World's strongest iron-based superconducting magnet using AI

10th June 2024
Sheryl Miles

Scientists have developed the world’s strongest iron-based superconducting magnet using AI, in what could be a breakthrough for affordable MRI machines and the future of electrified transport. 

Superconducting magnets are capable of producing very strong, stable magnetic fields without the need for large amounts of power. This means they can be used in a range of technologies including MRI machines that require a strong magnetic field to produce clear 3D images of soft tissue. They can also be used in the next generation of transport, including the SCMaglev train system in Japan.  

However, the superconductors currently used are primarily in the form of large coils of superconducting niobium-tin alloy wire. Devices using them need to accommodate this size, which can limit their application. In a paper published in NPG Asia Materials, researchers from King’s College London and Japan* have fabricated a cheap and powerful iron-based superconducting magnet using machine learning (ML), paving the way for widespread and affordable use of the technology. 

Dr Mark Ainslie from King’s College London said: “Superconducting magnets are the backbone of the future. Not only are they used to image cancers with MRI machines, but they will be vital for electric aircraft and nuclear fusion. However, the materials and technology required to create traditional copper-based wire superconductors are typically expensive, which has resulted in limited market penetration. Using them in bulk form, as a magnet that doesn’t lose its magnetism once magnetised, can result in a smaller footprint in comparison to heavier coils of wire, but copper-based bulk superconductors can take weeks to fabricate. 

“Using artificial intelligence (AI), we’ve produced a cost-effective and scalable alternative using iron, which is a lot easier to work with and opens the door for smaller and lighter weight devices. The first iron-based superconductors were made over ten years ago, but the magnetic fields they produced were nowhere near strong or stable enough for widespread use.  

“While superconducting magnets still need to be cooled to very low temperatures to function effectively, our process lays the groundwork for manufacturers to make them at speed and powerful enough for industrial applications – meaning more MRI machines for cheaper. By reducing the need for large amounts of superconducting wire in MRI machines, we can also create a new generation of smaller units that could be deployed at a GP’s office, rather than requiring large rooms in hospitals, widening accessibility.”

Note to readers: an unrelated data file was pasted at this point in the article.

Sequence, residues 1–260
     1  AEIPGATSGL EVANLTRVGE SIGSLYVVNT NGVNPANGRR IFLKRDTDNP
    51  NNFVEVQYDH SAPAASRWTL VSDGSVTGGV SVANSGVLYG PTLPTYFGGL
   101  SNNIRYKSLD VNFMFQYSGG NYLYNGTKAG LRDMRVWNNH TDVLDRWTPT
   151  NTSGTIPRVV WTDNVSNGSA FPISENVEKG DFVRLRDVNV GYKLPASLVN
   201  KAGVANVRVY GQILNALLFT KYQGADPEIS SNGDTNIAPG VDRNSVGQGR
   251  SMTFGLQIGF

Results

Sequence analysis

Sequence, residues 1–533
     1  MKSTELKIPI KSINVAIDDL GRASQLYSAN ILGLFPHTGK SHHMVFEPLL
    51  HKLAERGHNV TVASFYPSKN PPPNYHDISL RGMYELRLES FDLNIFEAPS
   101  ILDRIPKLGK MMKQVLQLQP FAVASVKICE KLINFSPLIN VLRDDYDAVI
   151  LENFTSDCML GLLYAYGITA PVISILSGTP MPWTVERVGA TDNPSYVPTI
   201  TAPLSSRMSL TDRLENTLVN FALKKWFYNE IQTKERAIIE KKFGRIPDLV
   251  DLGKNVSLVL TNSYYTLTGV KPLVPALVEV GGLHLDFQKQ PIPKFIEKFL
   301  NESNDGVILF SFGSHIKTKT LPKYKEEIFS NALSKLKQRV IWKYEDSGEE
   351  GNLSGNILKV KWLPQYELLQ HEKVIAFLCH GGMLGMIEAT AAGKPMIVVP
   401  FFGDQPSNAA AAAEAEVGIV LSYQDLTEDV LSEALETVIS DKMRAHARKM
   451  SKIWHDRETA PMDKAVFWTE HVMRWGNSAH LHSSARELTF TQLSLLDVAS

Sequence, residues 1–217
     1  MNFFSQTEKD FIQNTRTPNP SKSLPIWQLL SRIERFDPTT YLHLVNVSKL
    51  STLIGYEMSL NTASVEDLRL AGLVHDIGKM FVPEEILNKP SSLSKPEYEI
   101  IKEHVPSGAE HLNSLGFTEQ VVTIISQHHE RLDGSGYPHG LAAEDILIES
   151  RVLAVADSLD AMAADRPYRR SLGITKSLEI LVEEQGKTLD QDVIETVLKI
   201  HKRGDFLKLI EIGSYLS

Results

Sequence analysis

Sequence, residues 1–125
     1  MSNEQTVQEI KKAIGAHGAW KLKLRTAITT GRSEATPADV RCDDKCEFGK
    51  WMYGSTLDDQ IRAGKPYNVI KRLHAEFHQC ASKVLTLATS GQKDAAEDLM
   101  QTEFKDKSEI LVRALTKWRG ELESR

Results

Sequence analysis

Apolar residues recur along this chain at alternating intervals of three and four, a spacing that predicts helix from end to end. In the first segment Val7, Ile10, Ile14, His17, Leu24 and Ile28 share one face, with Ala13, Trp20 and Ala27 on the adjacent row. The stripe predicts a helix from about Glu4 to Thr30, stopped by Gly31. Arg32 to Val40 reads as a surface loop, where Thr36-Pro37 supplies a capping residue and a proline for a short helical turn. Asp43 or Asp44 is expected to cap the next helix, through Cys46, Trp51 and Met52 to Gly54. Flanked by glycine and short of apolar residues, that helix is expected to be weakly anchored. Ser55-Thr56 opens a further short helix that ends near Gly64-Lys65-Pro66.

MRI machines have strict requirements for the strength and stability of the magnetic field their magnets produce, to ensure patient safety and image quality. The researchers’ prototype is the first iron-based bulk superconductor that meets these requirements. 

The prototype also displayed higher levels of thermal stability and allows for more flexible cooling systems, as advantages of the higher operating temperature of the material. 

Using a new machine learning system called BOXVIA, the scientists developed a framework that could optimise superconductor creation in the lab faster than ever before.  

Trained on researchers’ attempts to improve the superconductive properties of magnets by shifting parameters like heat and time in the fabrication process, BOXVIA spots patterns that improve performance and fine-tunes parameter changes to come up with the most optimal design. Ordinarily, it would take researchers months to create each magnet and test its properties to optimise it for different scenarios, but this new software shortens the time drastically. 

The researchers also found that superconducting magnets developed with this ML system had a different structure at a microscopic level than those produced without BOXVIA, with larger iron-based crystals within the magnet structure.  

The structure of the samples produced by AI was different to high-performing samples created by humans. These samples had a wide range of sizes of iron-based crystals, opposed to the uniform structure that human researchers have traditionally favoured.  

For the team, the next challenge is to connect how this never-before-seen nanostructure contributes to superior superconducting properties, which will lead to even more powerful magnets in the future.

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